IRS Budget Cuts Will Hurt Taxpayers, Says OMB

Less Service, Less Security, Less Revenue

IRS Woes
IRS Budget Cuts Would Hurt Taxpayers, OMB Says. Tetra Images

The Obama administration’s top budget analyst has warned Congress that cutting the Internal Revenue Service’s budget would end up costing the federal government far more than it would save.

In a letter to the House Appropriations Committee, Office of Management and Budget (OMB) Director Shaun Donovan said that further cuts to tax agency’s budget would only worsen the IRS’ already “unacceptable” levels of taxpayer services and increase the risk of theft of taxpayers’ personal information.

“Additional funding cuts would come on top of the drastic cuts already enacted since 2010,” thus leaving the IRS with a lower operating budget than it had in 1991 “when there were 38 million fewer individual taxpayers and a far less complicated tax code,” wrote Donovan.

[ Staff Cuts Destroying IRS Taxpayer Service ]

The proposed IRS budget cuts are part of the 2016 Financial Services and General Government Appropriations bill and would leave the IRS with a $10.1 billion 2016 budget, a cut of $838 million below the fiscal year 2015 level and $2.8 billion below the President Obama’s budget request.​

The House Appropriations Committee approved the bill for consideration by the full House by party-line vote of 30-20 on June 17.

“Every day, Americans are making tough decisions about their own budgets and rightfully expect federal agencies to do the same,” said House Financial Services Subcommittee Chairman Ander Crenshaw (R-Florida) adding, that the bill “holds the Administration and the Internal Revenue Service more accountable to the taxpayer.”

How OMB Says the Cuts Will Hurt Taxpayers

In his letter, OMB Director Donovan warned lawmakers that the budget cuts would greatly reduce the IRS’ ability to collect delinquent and underpaid taxes, thus increasing the U.S. tax gap.

“As a result of funding cuts that have already occurred to date, IRS enforcement revenues this year are expected to be $7 billion to $8 billion lower than if 2010 funding levels had been sustained,” he wrote.

“These are taxes that are already owed under current law, but will go uncollected because the IRS lacks the resources needed to track down tax cheats and make sure large multinational corporations, the wealthiest, and ordinary American workers all play by the same rules.”

“During FY 2015, as a result of funding cuts already enacted, the IRS will lose approximately 1,800 key enforcement personnel that it cannot replace,” added Donovan. “These individuals are vital to ensuring that the tax code is administered fairly.”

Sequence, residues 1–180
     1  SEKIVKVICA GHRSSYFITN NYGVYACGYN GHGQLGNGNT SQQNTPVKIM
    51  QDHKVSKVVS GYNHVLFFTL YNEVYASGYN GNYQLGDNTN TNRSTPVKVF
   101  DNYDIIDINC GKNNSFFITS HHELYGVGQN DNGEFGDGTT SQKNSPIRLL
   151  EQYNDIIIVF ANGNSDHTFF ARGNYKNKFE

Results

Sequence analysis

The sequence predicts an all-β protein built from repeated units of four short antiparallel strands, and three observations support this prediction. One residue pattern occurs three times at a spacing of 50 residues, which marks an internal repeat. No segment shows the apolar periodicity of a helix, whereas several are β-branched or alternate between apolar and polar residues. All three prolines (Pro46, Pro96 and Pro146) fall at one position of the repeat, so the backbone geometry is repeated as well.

Further budget cuts would also force the IRS to provide an even worse level of service to taxpayers than it is now, which Donovan admits is as bad as it has ever been.

“This fiscal year, the IRS will answer fewer than half as many taxpayer calls as in FY 2010, with less than 4 out of every 10 callers reaching a live assistor and an estimated 28 million calls going unanswered,” he wrote. “So far this fiscal year, more than 11 million callers have either been automatically disconnected by the system due to unmanageable call volume or chose to hang up while they were on hold.”

Last but far from least, Donovan warned lawmakers that deeper budget cuts would further reduce the IRS’ ability to protect taxpayers’ personal information from hackers.

According to Donovan’s letter, the IRS is already three upgrades to its security software behind and a “lack of support for the IRS’s technology infrastructure would mean further deferral of cybersecurity and infrastructure upgrades, jeopardizing the strong defenses IRS needs,” he wrote.

“The bill would also bring a halt to progress on key projects, including expansion of the specialized Criminal Investigation Identity Theft Clearinghouse that processes identity theft leads and other improvements, which would enable the IRS to detect and quickly resolve tax return anomalies that can signal identity theft,” Donovan concluded.

So this is prime example of how the federal budget process really works. The president requests a lot of money for each Executive Branch agency. Then, based more on politics than sound financial policy, Congress gives some agencies less and some agencies more than the president requested.

And that system is why the U.S. government will be going $474 billion in the hole in 2016.